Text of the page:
Delhi court grants bail to Arvind Kejriwal: A look at chronology of events in alleged Excise Policy scam case

LG VK Saxena recommended CBI probe into alleged irregularities in Delhi Excise Policy a year after it was introduced by Arvind Kejriwal.


Published Jun 20, 2024 | 10:16 PM Updated Jun 20, 2024 | 10:17 PM

Delhi CM Arvind Kejriwal gets bail in Excise Policy scam

In a huge relief to embattled Delhi Chief Minister Arvind Kejriwal, a court in the national capital on Thursday, 20 June, granted him bail in a money laundering case stemming from the alleged excise scam.

Special Judge Niyay Bindu also declined the Enforcement Directorate’s prayer to keep in abeyance the bail order for 48 hours to allow the central agency to avail legal remedies like moving a superior court in appeal.

The judge ordered Kejriwal’s release on a personal bond of 1 lakh but imposed certain conditions before granting him the relief, including that he would not try to hamper the investigation or influence the witnesses.

The judge also directed Kejriwal to appear before the court whenever required and to cooperate with the investigation.

The judge had reserved the order earlier during the day after hearing the Enforcement Directorate (ED), which sought to link Kejriwal to the alleged proceeds of the crime and the co-accused, and the defence claimed the prosecution has no evidence to nail the AAP leader.

Kejriwal’s lawyers are likely to submit the bail bond before the court on Friday, after which he will be released from Tihar jail.

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The ED is likely to challenge the bail order before a higher court in the coming days. Nevertheless, the grant of regular bail to the AAP national convenor will give his Aam Aadmi Party and its allies a stick to beat the Modi government with as, according to Section 45 of the stringent Prevention of Money Laundering Act (PMLA), bail can be granted only if the judge is prima facie satisfied that the accused has not committed the offence and that he is unlikely to commit any offence while on bail.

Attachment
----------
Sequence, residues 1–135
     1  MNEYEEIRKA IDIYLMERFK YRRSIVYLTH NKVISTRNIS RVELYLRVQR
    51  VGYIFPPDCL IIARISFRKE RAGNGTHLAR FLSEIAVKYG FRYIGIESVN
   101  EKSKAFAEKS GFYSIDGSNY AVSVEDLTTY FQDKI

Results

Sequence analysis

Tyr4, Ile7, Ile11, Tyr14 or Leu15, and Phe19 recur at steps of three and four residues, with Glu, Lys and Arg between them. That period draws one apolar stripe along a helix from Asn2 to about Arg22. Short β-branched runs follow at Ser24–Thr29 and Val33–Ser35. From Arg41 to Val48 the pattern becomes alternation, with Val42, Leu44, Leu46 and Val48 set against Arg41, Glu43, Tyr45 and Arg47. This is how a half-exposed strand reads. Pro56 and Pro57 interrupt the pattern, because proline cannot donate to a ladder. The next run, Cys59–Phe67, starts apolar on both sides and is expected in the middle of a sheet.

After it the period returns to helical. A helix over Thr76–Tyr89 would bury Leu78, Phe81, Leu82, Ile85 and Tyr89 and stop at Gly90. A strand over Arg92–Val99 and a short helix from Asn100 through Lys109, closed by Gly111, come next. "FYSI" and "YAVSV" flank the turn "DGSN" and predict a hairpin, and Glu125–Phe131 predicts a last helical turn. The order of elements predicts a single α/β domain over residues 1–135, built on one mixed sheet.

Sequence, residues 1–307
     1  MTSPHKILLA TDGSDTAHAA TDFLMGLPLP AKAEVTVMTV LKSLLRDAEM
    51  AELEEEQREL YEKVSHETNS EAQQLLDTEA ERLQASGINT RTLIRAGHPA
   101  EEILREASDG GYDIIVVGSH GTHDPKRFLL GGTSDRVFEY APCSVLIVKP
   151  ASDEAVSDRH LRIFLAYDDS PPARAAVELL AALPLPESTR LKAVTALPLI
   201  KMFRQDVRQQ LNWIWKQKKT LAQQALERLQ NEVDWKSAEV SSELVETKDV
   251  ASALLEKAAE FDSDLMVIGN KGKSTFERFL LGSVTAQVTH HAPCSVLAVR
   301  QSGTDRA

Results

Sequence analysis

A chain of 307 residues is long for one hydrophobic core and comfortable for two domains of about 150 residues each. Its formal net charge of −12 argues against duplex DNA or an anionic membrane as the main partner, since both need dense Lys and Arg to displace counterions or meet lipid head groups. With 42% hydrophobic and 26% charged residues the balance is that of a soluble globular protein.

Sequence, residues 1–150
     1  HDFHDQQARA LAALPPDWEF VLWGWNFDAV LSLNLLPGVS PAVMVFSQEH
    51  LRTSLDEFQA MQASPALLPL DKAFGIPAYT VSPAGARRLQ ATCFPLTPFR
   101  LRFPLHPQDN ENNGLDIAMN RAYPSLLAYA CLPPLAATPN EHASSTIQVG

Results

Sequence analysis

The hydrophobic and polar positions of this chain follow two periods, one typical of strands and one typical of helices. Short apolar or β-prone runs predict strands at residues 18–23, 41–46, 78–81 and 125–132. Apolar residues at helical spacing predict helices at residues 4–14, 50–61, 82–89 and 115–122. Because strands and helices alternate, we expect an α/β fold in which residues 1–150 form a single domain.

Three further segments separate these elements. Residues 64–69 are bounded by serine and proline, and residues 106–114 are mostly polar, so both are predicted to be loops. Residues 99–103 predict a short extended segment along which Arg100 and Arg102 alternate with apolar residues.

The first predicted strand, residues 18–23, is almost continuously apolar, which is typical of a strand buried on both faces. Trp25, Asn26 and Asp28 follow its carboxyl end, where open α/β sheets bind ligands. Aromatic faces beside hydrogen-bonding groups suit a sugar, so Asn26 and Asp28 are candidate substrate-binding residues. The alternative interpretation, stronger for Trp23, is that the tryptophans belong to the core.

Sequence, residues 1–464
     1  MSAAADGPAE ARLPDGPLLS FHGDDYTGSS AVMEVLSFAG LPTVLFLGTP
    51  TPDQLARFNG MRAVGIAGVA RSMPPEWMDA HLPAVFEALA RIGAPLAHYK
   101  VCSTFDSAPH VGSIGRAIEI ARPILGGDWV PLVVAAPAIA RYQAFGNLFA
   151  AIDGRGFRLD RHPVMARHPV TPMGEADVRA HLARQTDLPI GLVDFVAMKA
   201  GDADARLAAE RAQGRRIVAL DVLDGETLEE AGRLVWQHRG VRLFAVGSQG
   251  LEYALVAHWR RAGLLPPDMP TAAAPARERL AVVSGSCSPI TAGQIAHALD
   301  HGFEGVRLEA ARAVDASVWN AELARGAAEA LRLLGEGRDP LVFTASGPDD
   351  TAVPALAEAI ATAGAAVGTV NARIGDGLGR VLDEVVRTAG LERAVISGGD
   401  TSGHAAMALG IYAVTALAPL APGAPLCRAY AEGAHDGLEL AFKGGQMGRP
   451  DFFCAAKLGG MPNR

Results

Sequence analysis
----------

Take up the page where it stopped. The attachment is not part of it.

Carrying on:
A detailed order, however, is awaited.

The ED had arrested Kejriwal on 21 March, shortly after the Delhi High Court refused to grant him protection from arrest on his petition challenging summonses issued to him.

On 10 May, the Supreme Court granted interim bail to Kejriwal till 1 June to campaign in the Lok Sabha elections, saying he would have to surrender and go back to jail on 2 June.

Kejriwal had surrendered before Tihar jail authorities on 2 June and has been there since then.

As Arvind Kejriwal is all set to walk out of jail, here’s a look at how the entire case came to be.

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Chronology of events in the case

In November 2021, the Delhi government introduced the new excise policy. Almost a year later, on July 2022, LG VK Saxena recommended CBI probe into alleged irregularities in the formulation and implementation of policy.

By next month, in August, CBI and Enforcement Directorate registered multiple cases in connection with alleged irregularities. Eventually, in September 2022, the AAP-led Delhi government scrapped the excise policy.

Over a year later, the ED sent its first summons to Arvind Kejriwal in the money laundering case and asked him to appear before it on 2 November. In December, the ED issued two more summons to the Delhi CM for questioning on 21 December and 3 January respectively. Two more summons were sent to him in January 2024.

By 3 February, ED filed a complaint against Kejriwal before the magisterial court for skipping summons after which the court summoned the Delhi CM. As he continued to miss his summons, the ED approached the court. Eventually, after refusing to stay proceedings against him for skipping summons, the court granted bail to Kejriwal for skipping ED’s summons to appear before it on 16 March.

However, on 21 March, the Delhi High Court refused to grant Kejriwal protection from arrest on his petition challenging the summons issued to him. ED arrested the Delhi CM shortly after.

On 23 March, Arvind Kejriwal moved Delhi HC challenging his arrest by the ED and trial court order remanding him in agency’s custody. His petition was dismissed by the HC, following which he moved Supreme Court on 10 April.

In a few days, SC sought a response from the central agency on Kejriwal’s plea, when ED told the apex court about his conduct “to form the satisfaction” that he is guilty of money laundering.

On 27 April, Kejriwal told the apex court that his “illegal arrest” in the case constituted an unprecedented assault on tenets of democracy based on “free and fair elections” and “federalism”. However, in a couple of days, the SC questioned his non-appearance before the ED despite repeated summonses for recording statements.

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